Breakthrough Study Reveals New Guidelines Regarding Running
Road Runner Sports Run Today
Whether you're a novice runner or have been
running (and perhaps racing) for years, you're surely familiar with the
importance of staying well-hydrated. For years runners have been told that they
needed to drink before feeling thirsty in order to avoid dehydration. However,
the recommendations that runners, particularly those taking longer than 4 hours
to finish a marathon, should drink "as much as possible" have changed. United
States of America Track & Field (USATF) recently issued new guidelines
New Hydration Recommendations
Why New Recommendations Now?
- Long-distance runners should consume 1
liter of fluid for every liter lost during a race or long training run,
equaling a 1:1 ratio
- Runners should begin races and training
runs well-hydrated. You'll know you're well-hydrated when your urine is clear
or pale yellow, not dark yellow.
- Drink only when thirsty during a race or
long training run, not every mile or so.
- Rather than plain water, drink a sports
drink that contains sodium and other electrolytes, like the following:
These new guidelines have been developed because of recent changes in thinking
among scientists and researchers in the sports medicine community. Several
runners have died in the past few years at marathons, and the cause of death
has been determined to be hyponatremia. Hyponatremia means literally "water
intoxication". When you drink too much fluid, you flush much-needed sodium and
other minerals out of your bloodstream. The lack of sodium and electrolytes can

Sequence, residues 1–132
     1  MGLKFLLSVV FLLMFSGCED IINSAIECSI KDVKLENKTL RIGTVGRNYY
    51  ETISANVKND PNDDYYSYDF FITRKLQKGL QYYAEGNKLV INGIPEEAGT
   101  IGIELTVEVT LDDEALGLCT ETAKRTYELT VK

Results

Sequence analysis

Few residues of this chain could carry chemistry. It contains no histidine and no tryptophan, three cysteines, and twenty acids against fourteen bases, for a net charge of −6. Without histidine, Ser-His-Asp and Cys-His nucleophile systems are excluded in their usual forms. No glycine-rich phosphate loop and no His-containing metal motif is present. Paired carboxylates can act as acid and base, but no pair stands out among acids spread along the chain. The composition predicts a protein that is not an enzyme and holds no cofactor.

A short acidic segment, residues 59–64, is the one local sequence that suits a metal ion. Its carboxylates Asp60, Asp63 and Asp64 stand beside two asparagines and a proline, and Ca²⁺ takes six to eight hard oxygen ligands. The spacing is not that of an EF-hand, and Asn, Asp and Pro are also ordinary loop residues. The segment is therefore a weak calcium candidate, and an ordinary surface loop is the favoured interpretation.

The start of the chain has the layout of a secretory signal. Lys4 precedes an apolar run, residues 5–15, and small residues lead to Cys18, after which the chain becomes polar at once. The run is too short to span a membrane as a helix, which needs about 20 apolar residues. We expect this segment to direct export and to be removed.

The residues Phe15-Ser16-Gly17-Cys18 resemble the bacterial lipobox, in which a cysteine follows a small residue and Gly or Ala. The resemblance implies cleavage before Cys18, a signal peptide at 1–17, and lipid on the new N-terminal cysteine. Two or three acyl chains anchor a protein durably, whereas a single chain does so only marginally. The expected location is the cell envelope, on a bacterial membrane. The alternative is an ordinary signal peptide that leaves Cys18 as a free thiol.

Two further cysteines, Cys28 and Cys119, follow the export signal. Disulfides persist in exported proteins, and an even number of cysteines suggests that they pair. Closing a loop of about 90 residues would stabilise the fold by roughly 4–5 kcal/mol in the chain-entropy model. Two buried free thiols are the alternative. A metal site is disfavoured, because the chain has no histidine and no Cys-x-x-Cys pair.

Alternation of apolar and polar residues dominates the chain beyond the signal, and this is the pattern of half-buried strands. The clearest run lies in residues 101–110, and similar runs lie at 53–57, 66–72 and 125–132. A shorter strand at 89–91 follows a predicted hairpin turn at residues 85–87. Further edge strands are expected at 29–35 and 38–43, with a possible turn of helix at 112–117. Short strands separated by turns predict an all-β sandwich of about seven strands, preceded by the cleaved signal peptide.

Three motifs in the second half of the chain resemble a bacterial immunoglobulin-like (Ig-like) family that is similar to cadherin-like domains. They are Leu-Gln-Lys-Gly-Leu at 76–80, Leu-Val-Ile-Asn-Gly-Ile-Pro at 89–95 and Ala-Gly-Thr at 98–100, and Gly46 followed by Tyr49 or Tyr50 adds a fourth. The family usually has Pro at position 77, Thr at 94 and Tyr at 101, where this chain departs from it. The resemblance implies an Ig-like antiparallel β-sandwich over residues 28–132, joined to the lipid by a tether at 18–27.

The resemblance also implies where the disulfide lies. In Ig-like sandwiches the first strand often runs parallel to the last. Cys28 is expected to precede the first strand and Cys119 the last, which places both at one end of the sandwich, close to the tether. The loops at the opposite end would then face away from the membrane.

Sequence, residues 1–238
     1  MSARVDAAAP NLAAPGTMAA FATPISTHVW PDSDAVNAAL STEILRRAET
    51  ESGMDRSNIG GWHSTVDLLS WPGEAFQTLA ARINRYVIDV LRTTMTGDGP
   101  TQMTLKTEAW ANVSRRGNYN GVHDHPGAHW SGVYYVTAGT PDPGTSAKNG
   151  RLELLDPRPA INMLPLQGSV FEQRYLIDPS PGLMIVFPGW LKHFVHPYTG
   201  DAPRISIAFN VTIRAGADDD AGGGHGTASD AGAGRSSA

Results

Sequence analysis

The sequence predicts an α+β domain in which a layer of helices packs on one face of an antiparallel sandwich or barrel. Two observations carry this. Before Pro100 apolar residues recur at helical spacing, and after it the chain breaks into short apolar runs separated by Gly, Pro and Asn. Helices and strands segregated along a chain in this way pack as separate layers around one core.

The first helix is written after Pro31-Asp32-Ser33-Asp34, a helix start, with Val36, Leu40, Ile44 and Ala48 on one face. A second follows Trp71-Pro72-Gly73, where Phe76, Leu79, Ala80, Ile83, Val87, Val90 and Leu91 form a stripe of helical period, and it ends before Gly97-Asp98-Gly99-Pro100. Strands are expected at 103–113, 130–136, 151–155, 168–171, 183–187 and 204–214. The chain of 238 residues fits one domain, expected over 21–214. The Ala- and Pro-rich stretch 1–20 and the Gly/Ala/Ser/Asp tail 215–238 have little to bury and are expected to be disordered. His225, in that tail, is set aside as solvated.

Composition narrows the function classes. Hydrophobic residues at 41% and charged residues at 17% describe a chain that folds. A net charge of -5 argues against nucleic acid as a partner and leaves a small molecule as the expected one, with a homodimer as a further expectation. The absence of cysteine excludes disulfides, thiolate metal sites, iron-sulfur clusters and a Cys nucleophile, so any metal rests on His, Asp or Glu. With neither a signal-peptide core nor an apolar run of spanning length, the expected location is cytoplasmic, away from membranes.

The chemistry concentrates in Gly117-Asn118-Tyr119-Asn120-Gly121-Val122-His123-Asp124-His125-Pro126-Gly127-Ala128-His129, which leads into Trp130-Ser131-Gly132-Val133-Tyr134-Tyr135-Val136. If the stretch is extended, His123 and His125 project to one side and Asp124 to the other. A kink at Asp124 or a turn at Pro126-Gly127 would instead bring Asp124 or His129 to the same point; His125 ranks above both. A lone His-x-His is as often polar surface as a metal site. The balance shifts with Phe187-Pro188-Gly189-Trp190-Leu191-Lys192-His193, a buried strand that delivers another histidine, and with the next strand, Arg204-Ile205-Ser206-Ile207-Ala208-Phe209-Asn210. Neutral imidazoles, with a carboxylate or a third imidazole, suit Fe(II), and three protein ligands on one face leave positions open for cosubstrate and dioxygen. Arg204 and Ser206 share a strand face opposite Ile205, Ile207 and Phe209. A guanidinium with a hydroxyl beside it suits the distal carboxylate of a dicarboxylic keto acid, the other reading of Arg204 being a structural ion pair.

lead to seizures, fluid in the lungs, respiratory arrest and death if the
runner is not given proper treatment.
As more and more runners train
for and enter marathons, the average finishing times are increasing. Scientists
have determined that runners who take longer than 4 hours to finish are the
most likely to develop this dangerous condition. Medical personnel at finish
lines have often mistakenly thought that a fallen runner was suffering from
dehydration and have pumped them full of more fluids, which only exacerbated
the condition. But now that researchers have had a few years to learn about and
understand what happens to the body when a runner ingests too much liquid,
those situations can be avoided in the future.
Be self sufficient on
your long runs and use one of these great hydration tools:
Sensible Approach to Hydration
Being sensible about hydration can help
you avoid heat illnesses (heat cramps, exhaustion and stroke), dehydration and
- Drink fluids only until your urine is
clear. It isn't necessary to keep drinking (particularly the night before a
race) so often that you have the need to urinate every 15-30 minutes.
- On hot, muggy days try to avoid training
during the late morning or early afternoon hours. Run early in the morning or
in the evening when the air is cooler.
- Never train in a sweat suit or nylon suit
during hot weather to acclimate yourself to heat training or to lose
- Choose sports drinks containing sodium
and electrolytes rather than plain water for hydration during training and
- Drink enough of a hydration sports fluid
to give you clear urine prior to a training run or race, then drink only when
you start to feel thirsty.
- Monitor your body. Some people sweat more
than others. Some people also lose more minerals in their sweat then others. If
you're the kind of person who finishes a workout caked with white salt around
your hairline and/or under your arms, you may need to take in more of a sports
drink than someone who loses less.
- If you're running a marathon, pay
attention to signals that you may be developing dehydration, over-hydration or
a heat-related illness. If you start to feel woozy, overly fatigued, tingling
in your fingers or toes and you feel a headache coming on, stop running and let
medical personnel know that you need attention.
As a runner
you need to be in-tune with your body. Even if you never race, it's still
important that you maintain the proper levels of sodium and minerals in your
bloodstream. Everyone has individual needs: you may need to drink 6 oz of fluid
during a 25-minute training run, someone else may not need to drink at all
during a 10K. Learn what your own body needs and adjust your fluid intake
Check out more info on
hydration and nutrition here